I’m not going to lie. When I found out I was going to be working at the Kebun Raya Banua (Banjarbaru Botanical Gardens), I was initially disappointed. Mainly because Ollid, our LO, had got my hopes up that I would be working for the World Wildlife Fund (WWF). After the initial disappointment, however, I started to become really keen for my opportunity to increase my knowledge about environmental conservation in an outdoors setting, learn some manual skills in the field of horticulture – all, along for the ride with three amazing, like-minded workplace counterparts, Ellenie, Faj and Vincent.
I did have some grandiose visions in my mind of the botanical gardens I recently visited around London… Kensington Gardens, this was not. On our first day, we were soon to find out (after a highly amusing welcome ceremony and a near-death experience in our supervisor’s car) that in fact the Kebun was not yet open to the public and was still being developed. The majority of the day was spent “acclimatising” ourselves (that is getting used to sleeping on lino floor and eating sour passionfruit) with our new workplace. My mind began to fill with doubts for what was in store for us over the coming weeks…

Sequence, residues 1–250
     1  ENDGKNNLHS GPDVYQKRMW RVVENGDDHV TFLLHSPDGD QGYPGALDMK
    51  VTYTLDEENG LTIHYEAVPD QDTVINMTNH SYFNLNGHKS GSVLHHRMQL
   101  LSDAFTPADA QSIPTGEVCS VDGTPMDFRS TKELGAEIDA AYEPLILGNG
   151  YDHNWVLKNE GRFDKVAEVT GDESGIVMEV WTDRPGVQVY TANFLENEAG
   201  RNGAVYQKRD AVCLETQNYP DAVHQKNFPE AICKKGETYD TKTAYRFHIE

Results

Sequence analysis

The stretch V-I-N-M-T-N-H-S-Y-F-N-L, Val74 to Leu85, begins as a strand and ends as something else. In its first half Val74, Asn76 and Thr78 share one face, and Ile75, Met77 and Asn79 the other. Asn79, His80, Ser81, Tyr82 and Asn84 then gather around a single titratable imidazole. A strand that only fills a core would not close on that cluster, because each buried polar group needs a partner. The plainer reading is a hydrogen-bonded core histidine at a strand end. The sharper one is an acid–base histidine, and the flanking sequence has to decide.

How very wrong were those doubts founded in my mind! While my first week was nothing to be envied (staying home the next two days with Banjarmasin Belly), the second two weeks went far too quickly, filled with fun, great learning experiences and lovely people. While we won’t soon forget some of the characters we came across during those three weeks (the Gossip Queen, Smiley Guy, Crazy Ibu Dosen, Queen Latifah, Intense Ibu and Scary Ibu), it is the time we spent working alongside the staff at the Kebun that we will treasure forever. Special mention to Ririn, Riani, Ema and Kiki, yang bungas.
We were lucky enough to score a very kind, softly-spoken yet highly knowledgeable supervisor, Pak Agung, who took us on a fieldtrip to an agricultural super-park (where we fit in some practise for the final task of the Tri-Wizard Tournament) and gave us some delicious and rare fruits endemic to the South Kalimantan province to try. Fortunately, we were working in the same government office as Bang Herry (AIYEP Alumni 2004), who was always teaching us new and interesting things about South Kalimantan and even treated us to a delightful lunch one afternoon.
I also got to live out my dreams of being a (temporary) tradie, doing physical work, having gorengan (basically the Indonesian version of a Chiko Roll) on our smoko, with an early Friday knock-off to boot. In between all this, we were treated to Ellenie’s Banjarbaru-wide famous passionfruit butter, went on crime scene investigating walks, became acquainted with the Red Spinach plant and shared our knowledge of Saman dance and yoga with our colleagues.
Don’t mean to toot my own horn or anything, but I definitely think we won the workplace lottery!